his manner, by shewing him in love. ·No talk is harder than that of writing to the ideas of another. Shakespeare knew what the queen, if the story be true, seems not to have known, that by any real passion of tenderness, the selfish craft, the careless jollity, and the lazy luxury of Falstaff must have suffered so much abatement, that little of his former cast would have remained. Falstaf could not love, but by ceasing to be Falstaff. He could only counterfeit tove, and his professions could be prompted, not by the hope of pleasure, but of money. Thus the poet approached as near as he could to the work enjoined him; yet having perhaps in the former plays completed his own idea, seems not to have been able to give Falstaff all his former power of entertainment.

This comedy is remarkable for the variety and number of the personages, who exhibit more characters appropriated and discriminated, than perhaps can be found in any other play.

Whether Shakespeare was the first that produced upon the English stage the effect of language distorted and depraved by provincial or foreign pronunciation, I cannot certainly decide. This inode of forming ridiculous characters can confer praise only on him, who originally discovered it, for it requires not much of either wit or judgment: its success must be derived almost wholly from the player, but its power in a skilful mouth, even he that despises it, is unable to resist.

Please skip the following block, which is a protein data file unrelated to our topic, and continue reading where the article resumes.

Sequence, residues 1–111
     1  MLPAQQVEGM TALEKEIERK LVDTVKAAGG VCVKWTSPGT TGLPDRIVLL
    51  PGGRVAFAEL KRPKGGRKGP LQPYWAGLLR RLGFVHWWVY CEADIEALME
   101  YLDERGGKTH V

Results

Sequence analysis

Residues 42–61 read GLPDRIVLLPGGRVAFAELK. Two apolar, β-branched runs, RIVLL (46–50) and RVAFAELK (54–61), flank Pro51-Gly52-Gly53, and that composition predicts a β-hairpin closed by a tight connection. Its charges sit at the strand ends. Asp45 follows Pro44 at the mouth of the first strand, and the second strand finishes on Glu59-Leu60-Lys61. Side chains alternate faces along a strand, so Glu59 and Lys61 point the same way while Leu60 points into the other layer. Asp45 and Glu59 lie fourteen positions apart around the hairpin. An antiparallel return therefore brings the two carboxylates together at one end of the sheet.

The conduct of this drama is deficient; the action begins and ends often before the conclusion, and the different parts might change places without inconvenience; but its general power, that power by Vol. IX,



which all works of genius shall finally be tried, is such, that perhaps it never yet had reader or spez tor, who did not think it too soon at an end.


There is perhaps not one of Sbakemeare's plans more darkened than this, by the peculiarities of is author, and the unskiltulnels of its editors, by dj tortions of phrase, or negligence of transcrip tion.

The novel of Giraldi Cyn:bic, from which series Speare is supposed to have borrowed this fable, rray be read in Skakespeare illustrated, elegantly tranflated, with remarks, which will assist the enquirer to 2.1. cover how much absurdity S2ake peare has ad.niks or avoided.

I cannot but surpce that some other had new. modelled the novel of Cyntbio, or written a toy which in some particulars resembled it, and tha: Cynthio was not the author whoin Skake peare imne. diately followed. The emperor in Cyntbio is named Maximine; the duke, in Sbaka suare's enumeratioa of the persons of the drama, is called Tinien::a. This appears a very night remark; but since the duke has no name in the play, nor is ever mentioned but by his title, why should he be called linsensio among the persons, but because the name was copied from the story, and placed superfluously at the head of the list by the mere habit of transcription? It is therefore likely that there was then a story of his centio duke of Vienna, different from that of Maxin. ine emperor of the Romans.